• Daniel Rae

The Graduate Review

Updated: Jul 10, 2020

"The Graduate", StudioCanal, 1967

An interesting response to the world of French New Wave brought into Hollywood by Penn's "Bonnie and Clyde", utilising its refreshingly amateurish style to explore the uncomfortable intricacies that shapes the transition into adulthood, expanding the genre stylistically as well as emotionally that poignantly comments on the hypocrisies of freedom through its countercultural lens.

The fragmented personality of this film provides the perfect platform to underline the biting realities of the dynamics its genre tropes and the relationship it has to the growing consciousness of America's zeitgeist. Furthermore, rather than falling into the trap of becoming a pretentious homage to this shift in style of filmmaking, it remains laser-focussed in telling a compelling story, using the shell of its contemporary aesthetics to dart around its themes of sexuality, age and masculinity in a very self-reflexive way without becoming parody. This consistency can be seen with its uncompromising feeling of vulnerability and the unknown, which works absolutely fantastically through the strength of the relationship between the way in which this unchained sense of darkness informs and contradicts the enigmatic tangents in the narrative that constantly builds upon this tonal breadth and the beautifully-realised written and directed line of characters, all of which are perfectly casted and help push forward cracks of the class system that shapes this underlying restlessness that harnesses the unpredictability of the future. Hoffman's Benjamin, whilst characterised as explicitly with his motivations as his dialogue, is sharply performed, with his good-natured awkwardness he carries around being relatability lived-in, doing a perfect job at highlighting his alien-like presence in a world that only upholds traditional masculinity. Structured around the femme-fetal narrative device of Bancroft's poetically performed Mrs Robinson that encapsulates the emotional obscurity of a woman swallowed by the idealised suburbanite America, the screenplay covers the spectrum spanning from gritty realism to dark and disturbing surrealism to the way in which the plot progresses, giving the stiffness of the Jean-Luc Godard-esque approach to film form a kinetic sense of pacing that completely absorbs the audience. The familiar beats to the story that provides the room for the unpredictability of the treatment only further enhances this maniacal sense of identification the viewer has towards Benjamin, a detail which is recognised by Nichols and so further obscures his motivations through a comprehensive character arc that explores the selfishness that branches the scale of age. Framed by the juxtaposition between the blinding 60s-riddled production design and the lifelessness of the natural lighting, as well as the iconic sombre balladry of Simon and Garfunkel's soundtrack, its tonal consistency never loses focus alongside the quest-like narrative structure, highlighting an ominous impression of doubt that reminded both contemporary audiences of the tumultuous cultural identity that they existed within and modern audiences of the vapidness of societal foundation that upholds moral corruption above genuine humanity.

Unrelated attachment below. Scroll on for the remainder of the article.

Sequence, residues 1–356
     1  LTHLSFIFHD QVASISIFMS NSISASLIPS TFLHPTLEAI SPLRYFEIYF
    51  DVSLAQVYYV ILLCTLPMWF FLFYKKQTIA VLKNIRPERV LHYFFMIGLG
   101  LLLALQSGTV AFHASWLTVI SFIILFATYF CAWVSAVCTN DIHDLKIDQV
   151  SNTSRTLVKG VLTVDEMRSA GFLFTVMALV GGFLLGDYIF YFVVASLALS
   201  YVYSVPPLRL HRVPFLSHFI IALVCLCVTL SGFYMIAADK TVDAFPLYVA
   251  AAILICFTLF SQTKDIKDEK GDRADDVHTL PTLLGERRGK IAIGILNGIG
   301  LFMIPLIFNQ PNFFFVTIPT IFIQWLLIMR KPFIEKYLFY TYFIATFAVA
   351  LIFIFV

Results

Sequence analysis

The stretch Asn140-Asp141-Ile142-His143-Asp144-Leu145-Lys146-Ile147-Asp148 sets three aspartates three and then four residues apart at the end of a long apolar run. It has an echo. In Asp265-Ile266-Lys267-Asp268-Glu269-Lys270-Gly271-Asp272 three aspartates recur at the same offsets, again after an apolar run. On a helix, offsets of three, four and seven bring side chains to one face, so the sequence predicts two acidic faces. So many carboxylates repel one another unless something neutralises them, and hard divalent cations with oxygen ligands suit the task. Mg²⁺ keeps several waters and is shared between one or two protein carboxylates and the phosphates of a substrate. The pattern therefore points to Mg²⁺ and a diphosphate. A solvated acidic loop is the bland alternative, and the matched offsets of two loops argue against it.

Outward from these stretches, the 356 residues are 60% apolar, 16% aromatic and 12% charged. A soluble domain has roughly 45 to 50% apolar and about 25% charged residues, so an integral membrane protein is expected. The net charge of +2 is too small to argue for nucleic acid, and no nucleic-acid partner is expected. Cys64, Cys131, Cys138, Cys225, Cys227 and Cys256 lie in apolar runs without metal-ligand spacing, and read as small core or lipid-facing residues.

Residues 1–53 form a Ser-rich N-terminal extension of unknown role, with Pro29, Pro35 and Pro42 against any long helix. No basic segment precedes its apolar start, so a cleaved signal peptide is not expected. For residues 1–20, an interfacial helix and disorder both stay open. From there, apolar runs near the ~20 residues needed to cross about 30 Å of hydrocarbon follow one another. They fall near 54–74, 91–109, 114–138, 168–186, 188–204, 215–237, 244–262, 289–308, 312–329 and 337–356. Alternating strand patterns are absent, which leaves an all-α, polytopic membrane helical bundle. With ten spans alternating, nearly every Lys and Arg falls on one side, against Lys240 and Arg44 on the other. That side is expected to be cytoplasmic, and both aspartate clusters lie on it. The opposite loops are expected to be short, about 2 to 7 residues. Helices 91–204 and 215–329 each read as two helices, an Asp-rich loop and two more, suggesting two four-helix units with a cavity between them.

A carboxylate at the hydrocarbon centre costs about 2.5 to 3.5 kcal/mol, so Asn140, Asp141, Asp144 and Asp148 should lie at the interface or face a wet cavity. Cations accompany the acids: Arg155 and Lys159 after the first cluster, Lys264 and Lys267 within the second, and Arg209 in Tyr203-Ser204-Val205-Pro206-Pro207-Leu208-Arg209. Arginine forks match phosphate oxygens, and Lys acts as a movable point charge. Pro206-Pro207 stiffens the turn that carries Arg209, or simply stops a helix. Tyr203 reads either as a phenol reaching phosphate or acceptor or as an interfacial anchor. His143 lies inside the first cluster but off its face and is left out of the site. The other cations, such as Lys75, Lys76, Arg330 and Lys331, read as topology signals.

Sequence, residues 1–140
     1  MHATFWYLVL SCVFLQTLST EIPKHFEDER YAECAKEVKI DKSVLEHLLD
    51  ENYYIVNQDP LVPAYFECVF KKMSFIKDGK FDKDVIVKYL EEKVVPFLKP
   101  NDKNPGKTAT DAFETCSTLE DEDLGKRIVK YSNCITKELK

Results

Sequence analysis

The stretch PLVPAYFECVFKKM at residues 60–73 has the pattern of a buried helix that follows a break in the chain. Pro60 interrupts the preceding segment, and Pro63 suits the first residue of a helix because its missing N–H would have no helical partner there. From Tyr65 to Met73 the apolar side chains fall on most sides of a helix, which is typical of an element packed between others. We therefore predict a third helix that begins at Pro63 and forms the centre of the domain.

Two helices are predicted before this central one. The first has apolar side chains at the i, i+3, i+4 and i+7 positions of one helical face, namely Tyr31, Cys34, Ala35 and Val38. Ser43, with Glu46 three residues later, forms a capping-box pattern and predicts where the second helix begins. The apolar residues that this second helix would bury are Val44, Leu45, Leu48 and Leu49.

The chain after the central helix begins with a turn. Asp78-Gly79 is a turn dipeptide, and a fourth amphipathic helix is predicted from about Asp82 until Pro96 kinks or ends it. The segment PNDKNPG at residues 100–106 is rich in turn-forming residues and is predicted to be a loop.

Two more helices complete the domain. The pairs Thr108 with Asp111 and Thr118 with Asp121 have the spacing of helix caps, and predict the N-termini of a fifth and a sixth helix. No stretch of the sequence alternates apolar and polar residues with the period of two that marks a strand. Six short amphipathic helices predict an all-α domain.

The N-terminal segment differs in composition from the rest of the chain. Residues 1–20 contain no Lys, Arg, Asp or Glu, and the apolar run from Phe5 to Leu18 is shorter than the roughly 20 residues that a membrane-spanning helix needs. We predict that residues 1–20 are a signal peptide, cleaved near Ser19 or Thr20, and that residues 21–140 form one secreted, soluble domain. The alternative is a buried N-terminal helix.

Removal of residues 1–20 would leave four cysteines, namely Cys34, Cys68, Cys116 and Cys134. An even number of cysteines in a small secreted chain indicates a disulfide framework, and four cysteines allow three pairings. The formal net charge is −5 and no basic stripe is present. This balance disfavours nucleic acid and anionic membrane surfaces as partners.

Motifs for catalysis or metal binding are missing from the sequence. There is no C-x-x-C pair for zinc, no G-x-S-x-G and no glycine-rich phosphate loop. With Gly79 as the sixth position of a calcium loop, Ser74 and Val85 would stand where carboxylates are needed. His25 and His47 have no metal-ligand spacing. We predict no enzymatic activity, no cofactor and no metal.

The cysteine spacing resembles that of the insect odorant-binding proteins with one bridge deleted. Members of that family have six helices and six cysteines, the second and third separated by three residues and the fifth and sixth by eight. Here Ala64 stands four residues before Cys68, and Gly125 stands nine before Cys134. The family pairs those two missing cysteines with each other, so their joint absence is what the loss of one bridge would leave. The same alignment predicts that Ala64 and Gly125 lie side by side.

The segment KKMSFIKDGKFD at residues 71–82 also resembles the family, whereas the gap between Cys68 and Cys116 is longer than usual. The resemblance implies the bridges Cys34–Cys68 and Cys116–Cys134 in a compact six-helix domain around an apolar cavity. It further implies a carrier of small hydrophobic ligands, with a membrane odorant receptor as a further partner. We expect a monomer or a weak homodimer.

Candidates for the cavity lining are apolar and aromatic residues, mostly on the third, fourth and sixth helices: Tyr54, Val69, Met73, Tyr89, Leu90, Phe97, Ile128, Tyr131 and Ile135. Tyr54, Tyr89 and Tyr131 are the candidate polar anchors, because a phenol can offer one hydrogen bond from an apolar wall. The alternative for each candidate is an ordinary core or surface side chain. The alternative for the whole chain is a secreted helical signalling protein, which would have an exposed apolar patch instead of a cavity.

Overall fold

Overall, its status as a timeless classic is certainly earned. Its artistic merits go beyond what it represents in its place in film history with its delicately blunt approach towards more liberal ideologies that are incredibly engaging and emotionally dynamic with its understated rawness that opens the floodgates for symbolic meaning, constantly echoing back to the appropriate idea change.

5/5 Stars

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